One of the things that excite both overseas Filipino workers and their relatives in the Philippines is the opportunity to send and receive balikbayan boxes.
For OFWs this means a chance to make someone (or the entire family) happy as a consolation for being away. For families, it’s that chance to get hold of gifts carefully selected and packed by loved ones whom they miss a lot.
Filipinos abroad can now send balikbayan box items worth P150,000 (restricted to a few times a year) without paying equivalent taxes, so it’s now more about what items to include than how much it costs to send it away. Balikbayan boxes are also an economical means of sending home large bulk of items as baggage allowance on flights are limited and excess baggage fee is high.
As Christmas draws near, packing of balikbayan boxes begin in its frenetic pace, hoping to deploy the box just in time to be received before Christmas Day.
Speaking of what items to include in a balikbayan box, although each OFW and his/her family’s needs vary, there are common items found inside this brown colored box.
In the Philippines, chocolates — Hershey’s Kisses, Mars, M&Ms, Toblerone — are generally considered as expensive items and are beyond the outstretched budget of many families. However, abroad they are relatively a cheap commodity, sometimes found in the “sale” shelves of supermarkets or specialty stores. Also, the Filipino’s sweet tooth favors chocolates, and these popular chocolate brands are sought after. Therefore it makes a lot of sense to include them inside a balikbayan box package.
Cosmetics and body products
Another item that’s considered out of reach by common Filipino family are certain personal care products. Yes, we brush our teeth and shampoo our hair everyday, but many of us do not apply (at least generously to extend lifespan of a small container of) body lotion, or cosmetics from L’Oreal or Estee Lauder often find advertised in glossy pages of fashion magazines. Therefore, baby lotions, moisturizers, hand creams, soaps and shampoo in extra large containers are also usually found inside balikbayan boxes.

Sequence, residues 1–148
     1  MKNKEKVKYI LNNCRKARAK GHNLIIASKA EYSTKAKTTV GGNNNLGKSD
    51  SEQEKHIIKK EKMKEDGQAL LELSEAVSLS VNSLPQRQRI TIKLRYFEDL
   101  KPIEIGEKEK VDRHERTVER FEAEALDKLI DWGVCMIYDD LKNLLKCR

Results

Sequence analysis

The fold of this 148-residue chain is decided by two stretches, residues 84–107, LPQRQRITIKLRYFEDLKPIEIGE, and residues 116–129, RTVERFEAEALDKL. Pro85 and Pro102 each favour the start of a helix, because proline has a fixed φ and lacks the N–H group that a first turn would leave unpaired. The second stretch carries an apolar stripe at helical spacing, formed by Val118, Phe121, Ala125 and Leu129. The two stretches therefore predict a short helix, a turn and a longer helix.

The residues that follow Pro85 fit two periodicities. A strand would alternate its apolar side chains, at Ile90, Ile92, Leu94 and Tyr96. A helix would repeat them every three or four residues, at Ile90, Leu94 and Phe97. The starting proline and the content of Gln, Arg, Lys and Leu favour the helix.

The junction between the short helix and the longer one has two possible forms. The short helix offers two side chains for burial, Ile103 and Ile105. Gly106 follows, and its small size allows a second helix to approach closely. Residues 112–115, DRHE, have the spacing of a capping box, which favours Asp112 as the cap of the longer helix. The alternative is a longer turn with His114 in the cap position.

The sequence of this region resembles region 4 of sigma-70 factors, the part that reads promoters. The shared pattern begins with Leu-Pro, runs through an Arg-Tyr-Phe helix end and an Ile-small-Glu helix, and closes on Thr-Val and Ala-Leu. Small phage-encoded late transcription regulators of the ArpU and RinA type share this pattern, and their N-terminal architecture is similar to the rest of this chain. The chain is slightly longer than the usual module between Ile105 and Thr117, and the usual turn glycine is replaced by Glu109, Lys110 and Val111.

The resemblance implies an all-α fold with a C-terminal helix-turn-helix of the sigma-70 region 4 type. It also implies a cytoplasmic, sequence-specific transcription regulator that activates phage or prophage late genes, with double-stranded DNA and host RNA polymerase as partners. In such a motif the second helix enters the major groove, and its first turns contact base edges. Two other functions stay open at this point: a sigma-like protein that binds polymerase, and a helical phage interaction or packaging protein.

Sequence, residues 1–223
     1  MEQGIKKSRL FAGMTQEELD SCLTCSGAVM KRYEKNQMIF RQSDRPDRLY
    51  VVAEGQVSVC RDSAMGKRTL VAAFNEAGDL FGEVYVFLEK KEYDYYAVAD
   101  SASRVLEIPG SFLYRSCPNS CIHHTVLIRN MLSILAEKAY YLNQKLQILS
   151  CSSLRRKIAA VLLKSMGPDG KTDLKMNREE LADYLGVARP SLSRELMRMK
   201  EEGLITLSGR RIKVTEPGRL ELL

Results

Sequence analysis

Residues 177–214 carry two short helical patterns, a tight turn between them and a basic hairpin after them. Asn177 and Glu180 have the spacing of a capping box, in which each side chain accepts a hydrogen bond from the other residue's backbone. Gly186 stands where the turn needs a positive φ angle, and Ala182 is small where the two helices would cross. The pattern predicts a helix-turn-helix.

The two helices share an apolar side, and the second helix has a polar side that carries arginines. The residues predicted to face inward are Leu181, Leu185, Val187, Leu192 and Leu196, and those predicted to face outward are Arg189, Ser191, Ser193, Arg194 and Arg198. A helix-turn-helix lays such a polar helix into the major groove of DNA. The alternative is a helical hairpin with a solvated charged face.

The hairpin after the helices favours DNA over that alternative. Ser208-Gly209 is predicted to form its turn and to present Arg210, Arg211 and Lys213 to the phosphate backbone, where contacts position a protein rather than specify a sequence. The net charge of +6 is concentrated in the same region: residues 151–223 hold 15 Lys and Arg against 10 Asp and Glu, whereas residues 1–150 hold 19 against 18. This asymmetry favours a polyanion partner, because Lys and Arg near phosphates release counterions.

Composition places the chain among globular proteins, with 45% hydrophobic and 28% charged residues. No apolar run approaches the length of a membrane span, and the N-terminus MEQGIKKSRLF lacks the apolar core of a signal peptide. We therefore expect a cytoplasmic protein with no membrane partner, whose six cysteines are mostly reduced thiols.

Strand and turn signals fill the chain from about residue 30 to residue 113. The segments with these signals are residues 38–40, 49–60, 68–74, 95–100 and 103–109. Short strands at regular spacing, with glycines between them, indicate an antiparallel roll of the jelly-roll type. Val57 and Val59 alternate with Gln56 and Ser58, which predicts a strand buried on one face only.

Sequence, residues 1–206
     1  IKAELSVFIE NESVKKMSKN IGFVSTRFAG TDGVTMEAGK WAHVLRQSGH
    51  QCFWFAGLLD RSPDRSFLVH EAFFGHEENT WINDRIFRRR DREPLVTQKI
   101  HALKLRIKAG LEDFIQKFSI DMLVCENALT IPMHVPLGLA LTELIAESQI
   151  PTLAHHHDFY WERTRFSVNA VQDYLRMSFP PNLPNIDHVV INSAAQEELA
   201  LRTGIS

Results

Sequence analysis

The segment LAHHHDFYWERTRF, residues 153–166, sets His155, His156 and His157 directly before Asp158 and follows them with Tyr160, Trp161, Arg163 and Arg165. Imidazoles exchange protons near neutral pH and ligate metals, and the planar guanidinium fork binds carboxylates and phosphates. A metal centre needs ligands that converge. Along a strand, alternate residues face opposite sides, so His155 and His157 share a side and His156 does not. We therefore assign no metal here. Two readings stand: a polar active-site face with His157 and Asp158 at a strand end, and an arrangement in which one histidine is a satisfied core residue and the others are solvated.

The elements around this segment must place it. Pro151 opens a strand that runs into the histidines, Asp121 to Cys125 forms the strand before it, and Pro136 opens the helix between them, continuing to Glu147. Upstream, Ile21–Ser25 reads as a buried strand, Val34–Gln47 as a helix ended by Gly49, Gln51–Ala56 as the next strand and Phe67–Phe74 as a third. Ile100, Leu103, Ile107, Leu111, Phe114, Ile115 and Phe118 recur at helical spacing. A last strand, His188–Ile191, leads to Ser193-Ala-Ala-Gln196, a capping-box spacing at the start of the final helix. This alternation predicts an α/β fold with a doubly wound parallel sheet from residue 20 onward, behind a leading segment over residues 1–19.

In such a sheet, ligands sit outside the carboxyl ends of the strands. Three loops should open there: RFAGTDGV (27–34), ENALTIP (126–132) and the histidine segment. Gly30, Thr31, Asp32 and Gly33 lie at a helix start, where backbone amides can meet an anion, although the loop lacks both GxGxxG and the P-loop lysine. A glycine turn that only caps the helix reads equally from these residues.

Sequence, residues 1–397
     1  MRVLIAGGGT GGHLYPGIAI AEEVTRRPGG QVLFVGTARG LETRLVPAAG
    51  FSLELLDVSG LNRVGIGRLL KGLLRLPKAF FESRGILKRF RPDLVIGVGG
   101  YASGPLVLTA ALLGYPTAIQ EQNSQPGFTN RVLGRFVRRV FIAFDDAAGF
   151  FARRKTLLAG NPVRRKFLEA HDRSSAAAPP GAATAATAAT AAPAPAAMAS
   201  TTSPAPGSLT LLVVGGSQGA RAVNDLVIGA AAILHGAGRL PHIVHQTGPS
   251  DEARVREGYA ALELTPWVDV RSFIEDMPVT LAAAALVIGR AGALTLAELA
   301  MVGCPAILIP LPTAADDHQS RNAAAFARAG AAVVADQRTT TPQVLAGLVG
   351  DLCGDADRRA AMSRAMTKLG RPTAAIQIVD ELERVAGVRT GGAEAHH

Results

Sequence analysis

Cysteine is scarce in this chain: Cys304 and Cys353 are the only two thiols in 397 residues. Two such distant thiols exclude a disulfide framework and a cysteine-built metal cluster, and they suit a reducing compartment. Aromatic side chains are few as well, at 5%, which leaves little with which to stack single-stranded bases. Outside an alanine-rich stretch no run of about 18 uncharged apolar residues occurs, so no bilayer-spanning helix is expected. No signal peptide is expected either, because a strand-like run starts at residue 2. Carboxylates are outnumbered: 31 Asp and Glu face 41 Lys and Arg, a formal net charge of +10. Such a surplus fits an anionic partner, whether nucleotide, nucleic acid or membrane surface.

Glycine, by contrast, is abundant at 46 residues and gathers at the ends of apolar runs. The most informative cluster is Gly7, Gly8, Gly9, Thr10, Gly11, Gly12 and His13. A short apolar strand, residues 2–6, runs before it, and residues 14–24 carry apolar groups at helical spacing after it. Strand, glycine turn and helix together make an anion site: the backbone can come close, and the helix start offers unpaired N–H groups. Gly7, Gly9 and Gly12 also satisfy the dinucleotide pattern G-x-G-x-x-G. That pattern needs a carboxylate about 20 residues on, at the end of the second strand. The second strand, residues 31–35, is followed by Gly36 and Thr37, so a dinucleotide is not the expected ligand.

Shoes and apparel
Shoes are among the most requested items families (especially children) answer when asked “ano ang gusto mong pasalubong?” No wonder you’ll find Nike Air Max, Skechers and other popular brands are among the treasure trove of goodies you’ll find once you open the newly-arrived package. Certain shoe models are not sold locally so kids have their own bragging rights in school wearing these shoes.
For other OFWs, they don’t even have to buy as employers graciously give them slightly or unused shoes as gifts to family members. Besides shoes and sandals, shirts, jeans, shorts and pairs of socks and underwear are also in the list. Maybe for the sake of vanity, winter jackets or boots not suited for Philippine climate also found their way inside the boxes.
Canned goods and food stuff
OFWs want their families do a bit of change in the way they perceive about canned goods, albeit temporarily. From sardines and mackarel, the family is feasting on imported corned beef, luncheon meat or certain kind of sardines packed in tin with matching “keys” to pry it open.
Then there are chips, biscuits, peanut butter, jams, condiments and candies that’s no longer foreign to family members; they can easily buy them in convenience stores or supermarkets back home. But the fact that you have better and cheaper access to them means you don’t mind spending for their weight to be shipped, instead of just sending money to family to buy the very same items in a neighborhood store. It’s the personal touch that matters.
Many Filipino children have limited access to modern toys. They are either too expensive to buy or no available stock is sold nearby. OFWs may have the same feeling when they were kids, so providing a better experience for their children is something they yearn. Stuffed toys (no matter how bulky they are), remote control cars, jigsaw puzzles and other educational toys have therefore found their place in that beloved balikbayan box.
Filipinos are generally resourceful group of people (see Jeeps converted to jeepneys or motorcycles converted to habal habal to extend their usefulness). So it is not surprising that many of us are willing to ship items that are slightly defective and otherwise headed to the dumpsters. “This cassette player can still play music, though the forward button is broken.” “This toaster has a different AC plug but my neighbor in the Philippines who manages an appliance repair shop should be able to fix this”. No wonder it’s up to our imagination what Filipinos abroad will be sending if cost of shipping oversized and bulky items like washing machines, refrigerators or old furniture is only reasonably lower than buying them brand-new back home.
In the context of commonly found items in a balikbayan box, these items remain relevant and can be found in boxes once in a while. Old set of compact discs, movie DVDs, souvenir items such as picture frame from Disneyland, flower vases, shoe racks, kitchen utensils and other things we often hate to throw away. They must have some value back home. And when we’re back to the Philippines for good, these memorabilia reminds us of our adventures and hardships overseas.
Balikbayan boxes are measured by volume and not by weight. So whatever we can chuck into the box that is of value and not disallowed by the Bureau of Customs, that should be good enough. After all, allowing a sliver of space could damage the box in transit.
Sending them via accredited freight forwarders help create that peace of mind and reassurance that one day, we’ll see ourselves getting tagged on thank you photos of the very items we packed abroad a few months back and posted in social media.